Spring 2016 - SA 371 D100
The Environment and Society (SA) (4)
Class Number: 5565
Delivery Method: In Person
An examination of environmental issues in their social context. Environmental issues are on the leading edge of contemporary public concern and public policy debates. This course will examine such issues as the relationship between social organization and mode of subsistence, the politics of hunger, and the way in which human societies in their particular social, historical, and cultural contexts view and interact with the natural world.
SA 371 examines global ecological crises transforming cities, politics and nature, with an emphasis on Vancouver, where ecological crisis drives urban politics. The course explores crises caused by urbanization, the car, habitat loss, climate change and the transformation of nature. It also investigates constructive efforts to bring nature and biodiversity back into the city by ‘rewilding’ the urban environment. The theoretical foundation of the course is based on the different ways humans value nonhuman environments and connect ecology to the common good. The course analyzes ‘nature wars’ in which ecology clashes with other common goods such as democratic equality, industry, tradition and capitalism. To bring these ecological tensions to life, the course features hands-on projects in collaboration with the City of Vancouver, facilitated by City Studio, where students work on solutions currently sought by the City for the problem of rewilding Vancouver. These projects include guidance from City staff and an off-campus site visit. In order to complete course assignments, students will be required to conduct independent research outside the classroom. These activities may require travel by vehicle, public transit, cycling or on foot.
- Analytical Paper on Nature Wars 40%
- Class Participation 10%
- City Studio Group Presentation 25%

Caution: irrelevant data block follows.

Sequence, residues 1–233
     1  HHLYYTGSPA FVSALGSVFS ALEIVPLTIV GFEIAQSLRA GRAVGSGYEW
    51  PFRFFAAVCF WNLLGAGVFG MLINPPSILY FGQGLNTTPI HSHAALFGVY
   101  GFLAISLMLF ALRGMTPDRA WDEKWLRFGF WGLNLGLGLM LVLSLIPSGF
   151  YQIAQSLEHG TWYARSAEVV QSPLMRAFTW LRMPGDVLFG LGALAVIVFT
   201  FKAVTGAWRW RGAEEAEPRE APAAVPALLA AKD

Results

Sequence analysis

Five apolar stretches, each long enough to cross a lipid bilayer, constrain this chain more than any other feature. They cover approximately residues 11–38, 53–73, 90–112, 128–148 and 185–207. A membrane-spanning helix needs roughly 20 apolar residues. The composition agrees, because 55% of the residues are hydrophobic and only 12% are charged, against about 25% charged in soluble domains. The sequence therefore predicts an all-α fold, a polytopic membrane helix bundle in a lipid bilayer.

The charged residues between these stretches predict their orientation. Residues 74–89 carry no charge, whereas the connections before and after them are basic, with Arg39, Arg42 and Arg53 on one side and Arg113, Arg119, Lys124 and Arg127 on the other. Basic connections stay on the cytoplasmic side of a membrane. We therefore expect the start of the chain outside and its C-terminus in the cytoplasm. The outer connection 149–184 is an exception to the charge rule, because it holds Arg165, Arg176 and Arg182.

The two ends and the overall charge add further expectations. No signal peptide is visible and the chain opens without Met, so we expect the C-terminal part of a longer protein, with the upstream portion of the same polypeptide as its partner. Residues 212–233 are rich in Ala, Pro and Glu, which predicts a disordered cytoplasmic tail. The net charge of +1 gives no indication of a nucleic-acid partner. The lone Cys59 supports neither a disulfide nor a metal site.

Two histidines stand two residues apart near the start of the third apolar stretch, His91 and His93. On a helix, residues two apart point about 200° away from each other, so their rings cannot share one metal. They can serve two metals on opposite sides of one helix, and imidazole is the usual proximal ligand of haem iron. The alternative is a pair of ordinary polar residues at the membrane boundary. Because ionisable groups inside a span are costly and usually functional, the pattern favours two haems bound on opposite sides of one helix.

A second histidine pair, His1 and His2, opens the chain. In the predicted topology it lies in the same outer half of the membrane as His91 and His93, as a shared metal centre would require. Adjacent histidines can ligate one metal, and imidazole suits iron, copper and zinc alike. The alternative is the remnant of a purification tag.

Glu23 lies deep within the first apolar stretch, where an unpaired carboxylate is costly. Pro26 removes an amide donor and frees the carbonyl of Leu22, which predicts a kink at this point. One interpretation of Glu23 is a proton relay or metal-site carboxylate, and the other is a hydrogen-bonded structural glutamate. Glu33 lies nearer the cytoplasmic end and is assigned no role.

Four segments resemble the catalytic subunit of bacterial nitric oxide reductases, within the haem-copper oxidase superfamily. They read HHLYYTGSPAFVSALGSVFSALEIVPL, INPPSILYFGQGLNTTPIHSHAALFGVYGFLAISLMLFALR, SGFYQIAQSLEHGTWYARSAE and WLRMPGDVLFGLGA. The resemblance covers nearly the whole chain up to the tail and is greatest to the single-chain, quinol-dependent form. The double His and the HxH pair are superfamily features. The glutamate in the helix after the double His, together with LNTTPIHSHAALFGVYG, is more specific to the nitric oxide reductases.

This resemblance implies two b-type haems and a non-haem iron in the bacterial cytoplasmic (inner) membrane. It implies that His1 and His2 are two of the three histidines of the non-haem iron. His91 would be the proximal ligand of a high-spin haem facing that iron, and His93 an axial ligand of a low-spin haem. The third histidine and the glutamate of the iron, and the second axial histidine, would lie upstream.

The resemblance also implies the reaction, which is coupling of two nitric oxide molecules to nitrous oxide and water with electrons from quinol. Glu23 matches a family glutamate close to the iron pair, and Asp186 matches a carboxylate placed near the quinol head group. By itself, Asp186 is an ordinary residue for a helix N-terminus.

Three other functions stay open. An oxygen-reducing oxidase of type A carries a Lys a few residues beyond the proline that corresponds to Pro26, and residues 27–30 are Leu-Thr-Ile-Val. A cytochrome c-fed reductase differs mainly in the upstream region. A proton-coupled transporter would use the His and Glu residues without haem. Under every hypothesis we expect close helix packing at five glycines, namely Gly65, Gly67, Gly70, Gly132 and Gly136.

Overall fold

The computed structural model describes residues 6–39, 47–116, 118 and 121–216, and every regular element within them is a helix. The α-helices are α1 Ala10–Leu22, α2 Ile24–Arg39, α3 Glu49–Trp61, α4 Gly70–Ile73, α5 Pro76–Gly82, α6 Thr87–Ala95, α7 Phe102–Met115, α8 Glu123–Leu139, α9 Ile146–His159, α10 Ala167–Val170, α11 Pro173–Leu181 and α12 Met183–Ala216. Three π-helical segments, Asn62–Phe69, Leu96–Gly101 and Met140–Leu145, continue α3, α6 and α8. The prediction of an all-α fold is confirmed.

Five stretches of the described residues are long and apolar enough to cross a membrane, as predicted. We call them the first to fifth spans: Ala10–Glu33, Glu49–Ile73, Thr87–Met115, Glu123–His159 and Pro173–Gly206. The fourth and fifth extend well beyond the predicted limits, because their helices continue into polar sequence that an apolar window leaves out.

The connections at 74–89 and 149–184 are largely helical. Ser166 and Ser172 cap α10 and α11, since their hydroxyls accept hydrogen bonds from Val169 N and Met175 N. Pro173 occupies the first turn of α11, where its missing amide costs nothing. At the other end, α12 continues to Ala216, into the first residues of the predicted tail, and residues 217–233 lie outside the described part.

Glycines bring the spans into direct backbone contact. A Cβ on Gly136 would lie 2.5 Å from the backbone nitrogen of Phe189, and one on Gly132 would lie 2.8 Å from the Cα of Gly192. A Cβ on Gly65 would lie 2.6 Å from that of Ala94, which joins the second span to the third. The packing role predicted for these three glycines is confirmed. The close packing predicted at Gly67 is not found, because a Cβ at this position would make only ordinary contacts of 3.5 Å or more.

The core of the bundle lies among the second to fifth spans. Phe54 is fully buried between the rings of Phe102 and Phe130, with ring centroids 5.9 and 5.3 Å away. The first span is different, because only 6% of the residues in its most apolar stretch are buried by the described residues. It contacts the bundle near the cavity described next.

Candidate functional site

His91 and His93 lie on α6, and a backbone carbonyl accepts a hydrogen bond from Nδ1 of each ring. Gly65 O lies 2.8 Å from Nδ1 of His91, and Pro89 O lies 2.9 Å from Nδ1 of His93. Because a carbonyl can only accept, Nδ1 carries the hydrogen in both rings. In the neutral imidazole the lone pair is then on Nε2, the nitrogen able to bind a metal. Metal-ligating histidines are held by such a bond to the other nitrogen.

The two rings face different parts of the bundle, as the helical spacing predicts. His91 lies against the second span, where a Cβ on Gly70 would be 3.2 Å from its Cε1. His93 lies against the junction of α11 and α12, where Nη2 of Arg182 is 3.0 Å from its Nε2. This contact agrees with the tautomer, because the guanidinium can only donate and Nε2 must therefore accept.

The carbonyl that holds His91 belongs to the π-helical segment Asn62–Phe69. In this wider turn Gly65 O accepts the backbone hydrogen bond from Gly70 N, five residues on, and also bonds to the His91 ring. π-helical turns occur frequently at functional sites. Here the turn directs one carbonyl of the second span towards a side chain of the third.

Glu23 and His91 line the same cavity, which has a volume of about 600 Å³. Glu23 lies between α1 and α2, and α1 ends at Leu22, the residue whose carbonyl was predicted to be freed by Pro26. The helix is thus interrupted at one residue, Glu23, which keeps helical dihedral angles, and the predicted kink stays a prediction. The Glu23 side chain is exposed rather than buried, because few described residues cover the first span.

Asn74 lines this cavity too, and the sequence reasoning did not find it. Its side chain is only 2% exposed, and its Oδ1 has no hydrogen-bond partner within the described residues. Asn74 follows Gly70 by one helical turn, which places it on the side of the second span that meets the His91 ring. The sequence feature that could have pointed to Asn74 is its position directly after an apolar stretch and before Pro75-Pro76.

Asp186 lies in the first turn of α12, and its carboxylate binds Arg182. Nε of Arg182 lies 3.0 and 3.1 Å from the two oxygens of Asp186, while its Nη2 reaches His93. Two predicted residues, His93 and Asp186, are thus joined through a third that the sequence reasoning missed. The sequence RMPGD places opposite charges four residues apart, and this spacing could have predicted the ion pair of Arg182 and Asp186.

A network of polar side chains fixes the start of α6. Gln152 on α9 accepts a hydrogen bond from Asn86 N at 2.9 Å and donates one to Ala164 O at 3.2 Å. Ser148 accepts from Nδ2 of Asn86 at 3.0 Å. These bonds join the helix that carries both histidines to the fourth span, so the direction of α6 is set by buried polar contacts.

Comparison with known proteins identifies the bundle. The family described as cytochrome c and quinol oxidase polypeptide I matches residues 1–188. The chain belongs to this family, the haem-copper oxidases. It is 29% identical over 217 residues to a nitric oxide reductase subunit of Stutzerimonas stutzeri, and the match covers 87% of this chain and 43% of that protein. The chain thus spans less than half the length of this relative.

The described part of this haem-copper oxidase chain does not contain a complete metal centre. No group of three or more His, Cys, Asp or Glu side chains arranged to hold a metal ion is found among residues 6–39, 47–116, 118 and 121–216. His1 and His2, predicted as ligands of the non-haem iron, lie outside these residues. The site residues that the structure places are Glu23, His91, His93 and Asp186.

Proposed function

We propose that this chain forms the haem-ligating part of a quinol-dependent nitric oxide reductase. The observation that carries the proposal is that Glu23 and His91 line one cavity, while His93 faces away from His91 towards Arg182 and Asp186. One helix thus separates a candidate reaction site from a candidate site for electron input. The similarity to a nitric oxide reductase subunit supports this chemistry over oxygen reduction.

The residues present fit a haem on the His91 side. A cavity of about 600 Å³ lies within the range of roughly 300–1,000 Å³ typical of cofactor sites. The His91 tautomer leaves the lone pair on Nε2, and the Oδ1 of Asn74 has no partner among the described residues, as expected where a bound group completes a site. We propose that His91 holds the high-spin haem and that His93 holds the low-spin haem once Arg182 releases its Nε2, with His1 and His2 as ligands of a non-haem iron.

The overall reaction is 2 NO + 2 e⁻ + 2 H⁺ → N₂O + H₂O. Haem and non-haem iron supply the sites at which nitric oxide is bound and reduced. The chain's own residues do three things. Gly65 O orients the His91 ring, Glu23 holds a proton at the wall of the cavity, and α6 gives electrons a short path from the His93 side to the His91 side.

- Rewilding Research Paper 25%
Where a final exam is scheduled and you do not write the exam or withdraw from the course before the deadline date, you will be assigned a N grade. Unless otherwise specified on the course outline, all other graded assignments in this course must be completed for a final grade other than N to be assigned.
Academic Dishonesty and Misconduct Policy:
The Department of Sociology and Anthropology follows SFU policy in relation to grading practices, grade appeals (Policy T 20.01) and academic dishonesty and misconduct procedures (S10.01- S10.04). Unless otherwise informed by your instructor in writing, in graded written assignments you must cite the sources you rely on and include a bibliography/list of references, following an instructor-approved citation style. It is the responsibility of students to inform themselves of the content of SFU policies available on the SFU website: http://www.sfu.ca/policies/gazette/student.html.
Sterba, Jim (2012) Nature Wars. Broadway Books: New York.
SFU’s Academic Integrity web site http://students.sfu.ca/academicintegrity.html is filled with information on what is meant by academic dishonesty, where you can find resources to help with your studies and the consequences of cheating. Check out the site for more information and videos that help explain the issues in plain English.
Each student is responsible for his or her conduct as it affects the University community. Academic dishonesty, in whatever form, is ultimately destructive of the values of the University. Furthermore, it is unfair and discouraging to the majority of students who pursue their studies honestly. Scholarly integrity is required of all members of the University. http://www.sfu.ca/policies/gazette/student/s10-01.html
ACADEMIC INTEGRITY: YOUR WORK, YOUR SUCCESS